Every story has a beginning and this is their’s. The tourists to ADDIS call them shoeshine boys. That was what I called them when their lives intersected mine. The government of Ethiopia calls them entreprenuers. I feel like that is a big stretch since most make less than a dollar a day and they have to support themselves and their families back in Wolaita. I know we here at IAMNOT4GOTTEN have told their tale on multiple occasions, but I want to go back to a time in their past. Most of these boys come from about six hours south of ADDIS Ababa Ethiopia. They migrate to ADDIS from a small village and region called Wolaita. Several years ago the Joshua Project researched this culture and have labeled them some of the poorest in Ethiopia as well as the entire world. Their livelihood is based on agriculture, farming and animal rearing. Their agricultural tools are archaic. Their land has experienced a loss of fertility due to prolonged cultivation. Nearly half of the population suffers from food shortage. Because of each of these causes, families are forced to send their young sons to the thriving metropolis of ADDIS.
However, this is still not the beginning of my tale. Long before I ever met any of them, another group of people came into their lives. Missionaries went throughout the southern regions of Ethiopia. The gospel was preached. Souls were converted to Christianity, churches were planted, and schools and health centers were built. The majority of Wolaitians are evangelical Christians. This is the background of the shoeshine boys. Most come from families who believe in Jesus. They have gone to church. They have learned worship songs in their native tongue. They come to our feeding center in the BOLE district of ADDIS Ababa and try to teach us. They sing, “Tadeke!” A song the explains that Jesus is writing our stories. I love watching them sing and dance in worship to the One they know.
Though they know Jesus, when they come to ADDIS their lives our consumed with just surviving. They have little time to spend with their Savior. They are focused on survival. Recently however, our counsellors at the feeding center have been reaching out to them. They have been working and teaching them about the POWER BRACELET. The boys take a leather strap and tie a knot that represents their birth and how God knit them together and knew them before they were ever born. They then thread on a black bead signifying our sin that separates us from God and a second knot is tied. Next to that knot a red bead is threaded onto the strap. The red represents the blood of Jesus that cleanses every sin. A white bead is then placed onto the bracelet. Christ’s blood washes us whiter than snow. A blue knot comes next signifying obedience in water baptism. A green bead comes next and we talk about ways to grow in the Lord. A gold bead ends this sequence and we tell the boys one day they will walk on streets of gold if they but believe in Jesus’ forgiveness. A knot is tied to secure all the beads. The boys know one day death will come to each of us but for those who believe that God sent Jesus into this world that whoever believes in Him would not perish but have everlasting life. The bracelet is secured and closed together by a clear bead that signifies the deposit of the Holy Spirit into every believer. Most of the boys at the feeding center agree, “Yes, Yes, we know Jesus! We believe!”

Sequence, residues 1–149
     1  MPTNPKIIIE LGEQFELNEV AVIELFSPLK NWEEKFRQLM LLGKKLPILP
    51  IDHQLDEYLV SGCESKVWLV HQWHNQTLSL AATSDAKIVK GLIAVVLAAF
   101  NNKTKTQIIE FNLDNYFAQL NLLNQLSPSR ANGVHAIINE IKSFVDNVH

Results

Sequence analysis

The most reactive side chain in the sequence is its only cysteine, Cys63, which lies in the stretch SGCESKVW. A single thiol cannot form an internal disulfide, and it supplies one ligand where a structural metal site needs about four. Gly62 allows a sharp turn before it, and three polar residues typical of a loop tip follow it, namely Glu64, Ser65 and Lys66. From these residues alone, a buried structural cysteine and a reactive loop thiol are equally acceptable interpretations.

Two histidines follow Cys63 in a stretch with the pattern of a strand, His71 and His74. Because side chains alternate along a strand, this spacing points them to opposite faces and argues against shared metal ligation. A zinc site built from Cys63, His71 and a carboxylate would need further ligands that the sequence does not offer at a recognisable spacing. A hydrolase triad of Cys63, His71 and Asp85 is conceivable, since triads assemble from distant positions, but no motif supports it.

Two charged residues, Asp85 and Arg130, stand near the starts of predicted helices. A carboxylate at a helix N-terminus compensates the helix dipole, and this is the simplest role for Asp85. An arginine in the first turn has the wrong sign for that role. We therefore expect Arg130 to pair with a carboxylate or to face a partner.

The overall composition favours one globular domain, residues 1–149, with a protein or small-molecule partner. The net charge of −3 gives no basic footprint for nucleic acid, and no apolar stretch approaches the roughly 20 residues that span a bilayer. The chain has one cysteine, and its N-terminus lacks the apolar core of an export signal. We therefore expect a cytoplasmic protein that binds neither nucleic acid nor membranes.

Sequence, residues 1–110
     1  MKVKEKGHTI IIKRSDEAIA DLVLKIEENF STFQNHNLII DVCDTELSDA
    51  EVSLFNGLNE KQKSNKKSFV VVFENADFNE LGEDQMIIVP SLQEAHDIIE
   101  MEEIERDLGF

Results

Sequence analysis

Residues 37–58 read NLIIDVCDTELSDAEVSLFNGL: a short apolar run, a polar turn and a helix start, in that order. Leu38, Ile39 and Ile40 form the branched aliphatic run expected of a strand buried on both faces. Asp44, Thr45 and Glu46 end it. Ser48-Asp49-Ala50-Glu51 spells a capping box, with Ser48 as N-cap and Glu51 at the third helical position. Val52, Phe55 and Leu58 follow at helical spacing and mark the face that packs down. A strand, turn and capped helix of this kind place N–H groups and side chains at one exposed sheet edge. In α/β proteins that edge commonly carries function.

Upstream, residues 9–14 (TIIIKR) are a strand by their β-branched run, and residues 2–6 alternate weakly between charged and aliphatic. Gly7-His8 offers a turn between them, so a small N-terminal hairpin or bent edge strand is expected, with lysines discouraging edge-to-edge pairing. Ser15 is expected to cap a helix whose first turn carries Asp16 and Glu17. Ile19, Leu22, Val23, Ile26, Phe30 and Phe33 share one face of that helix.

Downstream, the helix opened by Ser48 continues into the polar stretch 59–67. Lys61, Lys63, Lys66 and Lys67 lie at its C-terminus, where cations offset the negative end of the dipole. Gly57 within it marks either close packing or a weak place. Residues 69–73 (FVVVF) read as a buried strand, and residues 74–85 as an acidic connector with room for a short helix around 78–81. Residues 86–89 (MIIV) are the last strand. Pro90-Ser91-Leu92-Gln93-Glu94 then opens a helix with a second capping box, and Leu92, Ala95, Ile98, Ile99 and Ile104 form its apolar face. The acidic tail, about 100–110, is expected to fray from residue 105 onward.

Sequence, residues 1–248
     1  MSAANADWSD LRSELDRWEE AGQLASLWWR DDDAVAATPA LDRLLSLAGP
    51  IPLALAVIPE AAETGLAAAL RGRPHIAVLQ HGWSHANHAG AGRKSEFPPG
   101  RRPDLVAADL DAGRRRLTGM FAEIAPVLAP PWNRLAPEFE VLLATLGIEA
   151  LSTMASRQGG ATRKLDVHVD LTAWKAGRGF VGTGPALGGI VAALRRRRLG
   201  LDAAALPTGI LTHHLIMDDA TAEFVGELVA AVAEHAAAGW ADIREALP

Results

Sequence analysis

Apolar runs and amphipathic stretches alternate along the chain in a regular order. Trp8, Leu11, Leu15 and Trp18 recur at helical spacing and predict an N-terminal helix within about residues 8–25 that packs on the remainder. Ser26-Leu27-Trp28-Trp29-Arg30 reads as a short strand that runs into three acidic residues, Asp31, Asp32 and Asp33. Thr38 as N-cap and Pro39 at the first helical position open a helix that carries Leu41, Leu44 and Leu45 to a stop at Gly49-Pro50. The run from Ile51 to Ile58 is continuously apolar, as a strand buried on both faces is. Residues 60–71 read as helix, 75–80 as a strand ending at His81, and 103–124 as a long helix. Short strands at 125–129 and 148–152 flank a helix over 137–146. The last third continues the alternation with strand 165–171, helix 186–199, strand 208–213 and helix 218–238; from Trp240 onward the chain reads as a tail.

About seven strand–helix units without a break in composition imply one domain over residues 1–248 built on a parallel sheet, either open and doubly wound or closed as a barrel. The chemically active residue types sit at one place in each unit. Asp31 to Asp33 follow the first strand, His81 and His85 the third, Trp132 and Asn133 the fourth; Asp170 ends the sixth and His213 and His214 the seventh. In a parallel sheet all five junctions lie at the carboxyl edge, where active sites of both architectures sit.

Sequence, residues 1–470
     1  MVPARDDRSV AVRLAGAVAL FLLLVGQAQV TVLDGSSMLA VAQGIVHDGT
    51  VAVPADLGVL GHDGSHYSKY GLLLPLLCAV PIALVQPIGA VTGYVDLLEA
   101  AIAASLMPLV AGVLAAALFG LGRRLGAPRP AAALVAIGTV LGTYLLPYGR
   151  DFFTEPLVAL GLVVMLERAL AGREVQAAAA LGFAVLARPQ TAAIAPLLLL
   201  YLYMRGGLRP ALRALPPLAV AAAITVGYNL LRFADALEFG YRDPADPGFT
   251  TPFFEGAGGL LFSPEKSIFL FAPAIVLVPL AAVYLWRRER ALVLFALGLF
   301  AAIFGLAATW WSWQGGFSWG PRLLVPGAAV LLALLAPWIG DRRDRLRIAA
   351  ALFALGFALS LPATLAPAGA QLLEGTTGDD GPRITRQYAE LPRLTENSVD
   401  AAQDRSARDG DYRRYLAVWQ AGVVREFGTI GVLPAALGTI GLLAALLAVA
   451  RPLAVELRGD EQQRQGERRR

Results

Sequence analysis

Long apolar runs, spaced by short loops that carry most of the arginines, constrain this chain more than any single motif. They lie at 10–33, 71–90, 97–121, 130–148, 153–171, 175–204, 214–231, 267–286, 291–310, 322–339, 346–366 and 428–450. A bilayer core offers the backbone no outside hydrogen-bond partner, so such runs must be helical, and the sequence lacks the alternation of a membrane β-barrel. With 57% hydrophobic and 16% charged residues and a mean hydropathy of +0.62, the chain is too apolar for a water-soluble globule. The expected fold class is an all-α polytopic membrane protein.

I have recently received a follow up email to Samauel and Haman’s efforts in this. Fifty-eight of these boys want to start attending church again and rededicate their lives to Christ. They are willing to go through discipleship classes, and want to be baptized. I knew I must tell you these praises. Again it is the principle of one person who tells another person and the Kingdom of God grows. My brothers and sisters in Ethiopia say the Angels of God are doing the Ethiopian Shuffle because of the party that goes on in heaven over a single soul coming to know Jesus.
God’s story goes on and on in every part of this world.